Emery’s prevarication on appointing a replacement for Laurent Koscielny and the fudged option of having five captains and hiding behind a player vote convinced absolutely no one that Xhaka was anything other than Hobson’s choice, the default selection based on seniority, experience and a first choice starter.
Whether he is rated or not by the Gooner faithful, what happened on Sunday evening was simply inexcusable. While it cannot be nice to hear people around the ground cheering your replacement, although in actual fact the majority of the treatment he got was to try to encourage him to hurry up in leaving the field as we desperately needed a goal, there was no excuse for his histrionics and apparently telling the crowd to “F**k off!”.
Understandably there have been calls for Xhaka to be stripped of the captaincy and it is highly unlikely that his delayed ‘apology’ issued yesterday will persuade anyone otherwise.
How the fans will respond to Xhaka the next time he takes to the pitch in an Arsenal shirt will be interesting to see. In the past Arsenal captains have been guilty of significantly worse things than throwing their toys out the pram on being substituted; the problem for Xhaka is that his lack of discernible contribution on the pitch won’t encourage anyone to forgive and forget any time soon. It will however be highly intriguing to see who ‘pens’ the captain’s programme notes on Saturday afternoon for the visit of Wolves!
The principle of VAR makes sense; it is the implementation that is the issue.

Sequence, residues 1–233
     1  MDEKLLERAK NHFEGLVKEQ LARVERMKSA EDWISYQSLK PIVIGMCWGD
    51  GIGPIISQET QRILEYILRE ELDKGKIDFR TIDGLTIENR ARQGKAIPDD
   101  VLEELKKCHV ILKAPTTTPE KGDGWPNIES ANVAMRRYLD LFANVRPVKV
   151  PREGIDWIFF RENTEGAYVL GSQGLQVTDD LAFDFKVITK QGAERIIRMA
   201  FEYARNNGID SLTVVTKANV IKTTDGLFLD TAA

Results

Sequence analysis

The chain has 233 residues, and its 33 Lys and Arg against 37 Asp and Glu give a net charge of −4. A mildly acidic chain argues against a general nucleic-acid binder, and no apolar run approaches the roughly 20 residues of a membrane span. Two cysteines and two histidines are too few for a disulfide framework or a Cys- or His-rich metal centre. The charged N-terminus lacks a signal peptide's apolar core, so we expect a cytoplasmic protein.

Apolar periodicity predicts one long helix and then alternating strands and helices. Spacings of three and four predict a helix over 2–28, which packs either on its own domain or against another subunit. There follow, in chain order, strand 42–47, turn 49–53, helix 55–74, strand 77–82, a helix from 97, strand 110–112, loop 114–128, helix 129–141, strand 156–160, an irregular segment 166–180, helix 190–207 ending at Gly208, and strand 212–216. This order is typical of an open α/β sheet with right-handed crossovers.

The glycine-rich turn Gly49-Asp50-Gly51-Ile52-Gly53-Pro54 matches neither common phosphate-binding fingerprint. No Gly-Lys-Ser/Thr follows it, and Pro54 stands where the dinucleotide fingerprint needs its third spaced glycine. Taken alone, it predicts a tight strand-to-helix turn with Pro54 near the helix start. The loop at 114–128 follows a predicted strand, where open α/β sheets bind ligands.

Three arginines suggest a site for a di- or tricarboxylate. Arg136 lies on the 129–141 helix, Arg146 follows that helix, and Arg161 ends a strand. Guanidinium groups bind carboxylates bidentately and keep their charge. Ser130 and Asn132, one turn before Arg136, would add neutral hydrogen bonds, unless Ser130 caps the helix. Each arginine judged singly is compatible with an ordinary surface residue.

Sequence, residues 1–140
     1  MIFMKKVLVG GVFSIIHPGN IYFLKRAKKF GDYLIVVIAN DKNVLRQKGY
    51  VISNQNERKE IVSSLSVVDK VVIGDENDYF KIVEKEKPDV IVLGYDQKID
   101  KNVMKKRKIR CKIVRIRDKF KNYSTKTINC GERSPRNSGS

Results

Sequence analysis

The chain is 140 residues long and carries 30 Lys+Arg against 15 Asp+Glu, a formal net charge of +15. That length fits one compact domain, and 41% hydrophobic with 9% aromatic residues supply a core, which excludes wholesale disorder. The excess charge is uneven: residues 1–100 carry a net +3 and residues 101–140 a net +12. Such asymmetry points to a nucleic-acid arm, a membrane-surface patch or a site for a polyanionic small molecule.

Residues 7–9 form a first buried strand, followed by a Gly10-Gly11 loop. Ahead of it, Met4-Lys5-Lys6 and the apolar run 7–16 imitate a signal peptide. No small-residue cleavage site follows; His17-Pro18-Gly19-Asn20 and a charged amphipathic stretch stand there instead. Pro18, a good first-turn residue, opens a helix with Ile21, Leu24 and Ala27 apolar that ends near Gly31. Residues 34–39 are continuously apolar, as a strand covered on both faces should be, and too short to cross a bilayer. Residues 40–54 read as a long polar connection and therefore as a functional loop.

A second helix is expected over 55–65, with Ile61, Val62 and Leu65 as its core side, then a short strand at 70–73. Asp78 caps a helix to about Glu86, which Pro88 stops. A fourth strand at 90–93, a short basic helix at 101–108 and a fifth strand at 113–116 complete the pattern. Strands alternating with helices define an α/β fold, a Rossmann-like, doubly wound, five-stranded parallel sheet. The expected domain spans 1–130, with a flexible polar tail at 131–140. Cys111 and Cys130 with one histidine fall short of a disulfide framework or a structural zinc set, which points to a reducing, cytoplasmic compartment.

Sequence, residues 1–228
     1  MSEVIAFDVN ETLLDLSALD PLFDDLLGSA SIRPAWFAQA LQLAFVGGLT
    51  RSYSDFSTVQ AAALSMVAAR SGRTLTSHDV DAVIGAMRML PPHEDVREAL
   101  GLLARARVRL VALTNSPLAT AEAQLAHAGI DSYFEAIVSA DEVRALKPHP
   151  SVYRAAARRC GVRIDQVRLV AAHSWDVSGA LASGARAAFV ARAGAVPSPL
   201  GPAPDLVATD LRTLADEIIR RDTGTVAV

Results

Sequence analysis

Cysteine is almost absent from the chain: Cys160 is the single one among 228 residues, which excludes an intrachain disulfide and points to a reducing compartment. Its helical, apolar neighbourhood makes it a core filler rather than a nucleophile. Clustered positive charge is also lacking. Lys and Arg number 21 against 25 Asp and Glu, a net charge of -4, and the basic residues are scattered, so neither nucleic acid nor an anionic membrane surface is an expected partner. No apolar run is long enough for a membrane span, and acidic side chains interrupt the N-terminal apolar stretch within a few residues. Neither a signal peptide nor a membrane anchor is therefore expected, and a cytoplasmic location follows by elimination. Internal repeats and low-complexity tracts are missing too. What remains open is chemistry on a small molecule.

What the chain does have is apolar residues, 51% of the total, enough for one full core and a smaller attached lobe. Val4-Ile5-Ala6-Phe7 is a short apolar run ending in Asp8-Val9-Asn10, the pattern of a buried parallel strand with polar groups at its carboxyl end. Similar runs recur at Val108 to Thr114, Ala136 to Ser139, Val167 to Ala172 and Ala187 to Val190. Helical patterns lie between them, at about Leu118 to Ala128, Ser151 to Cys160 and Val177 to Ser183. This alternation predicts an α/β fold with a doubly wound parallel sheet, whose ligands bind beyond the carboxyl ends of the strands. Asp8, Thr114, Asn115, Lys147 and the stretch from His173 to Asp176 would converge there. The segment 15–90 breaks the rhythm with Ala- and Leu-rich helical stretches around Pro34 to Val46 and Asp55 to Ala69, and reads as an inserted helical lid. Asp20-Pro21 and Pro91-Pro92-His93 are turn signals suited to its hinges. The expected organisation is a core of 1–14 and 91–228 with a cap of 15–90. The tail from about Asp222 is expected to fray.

After the whole hullabaloo around Xhaka we were then treated another outstanding piece of VAR-based intervention as Sokratis’ strike with just minutes remaining was ruled out for a barely perceptible ‘foul’ by Calum Chambers. Thus far Arsenal fans have had little grounds to complain about VAR as it has applied to us, Aubameyang’s rightly awarded equalizer at Old Trafford wouldn’t have been given without it; equally the penalty awarded to Palace on Sunday fell in the ‘seen them given’ territory. The decision to not award the winning goal however was simply incorrect.
VAR, as we keep being reminded, was brought in to address ‘clear and obvious errors’, yet what we are seeing on a week by week basis is judgement on issues that no one thought were issues until they started to be flagged by those sitting watching the match on monitor screens at Stockley Park. Not only that but the time spent deliberating on these decisions that don’t need to made sucks the very lifeblood out of the atmosphere at the ground.
In other sports such as both codes of rugby, cricket, tennis etc. the use of video replay intervention has been handled in such a way that it actually adds to the drama and tension for the paying customer, rather than destroying it.
The concept of using technology as a back-up is a sound one, but the implementation of its use to the extent that it is ruining the experience most particularly for those in the stadium needs to be addressed immediately. Apparently so far this season in the Premier League VAR has been used to overturn a total of 26 decisions, however not once has this been by the referee checking his decision on the pitchside monitor, suggesting that it is those watching the screens who are in actual fact making the decisions.
Last weekend alone we saw Manchester City awarded a goal even when David Silva had indicated he had touched the ball rendering Raheem Sterling offside and Brighton awarded a penalty against Everton for Michael Keane accidentally stepping on Aaron Connolly’s foot, that is of course on top of the farcical scenes at the Emirates.
Perhaps the officiating powers that be, (yes that’s you Mike Riley!) ought to let the referees get back to refereeing the game with the technology only used for the very difficult calls, to either confirm or correct the referee’s initial decision. I am pretty sure that Premier League life would have carried on even if City hadn’t been awarded their second goal, Brighton hadn’t got the penalty and Arsenal’s winner had been allowed to stand!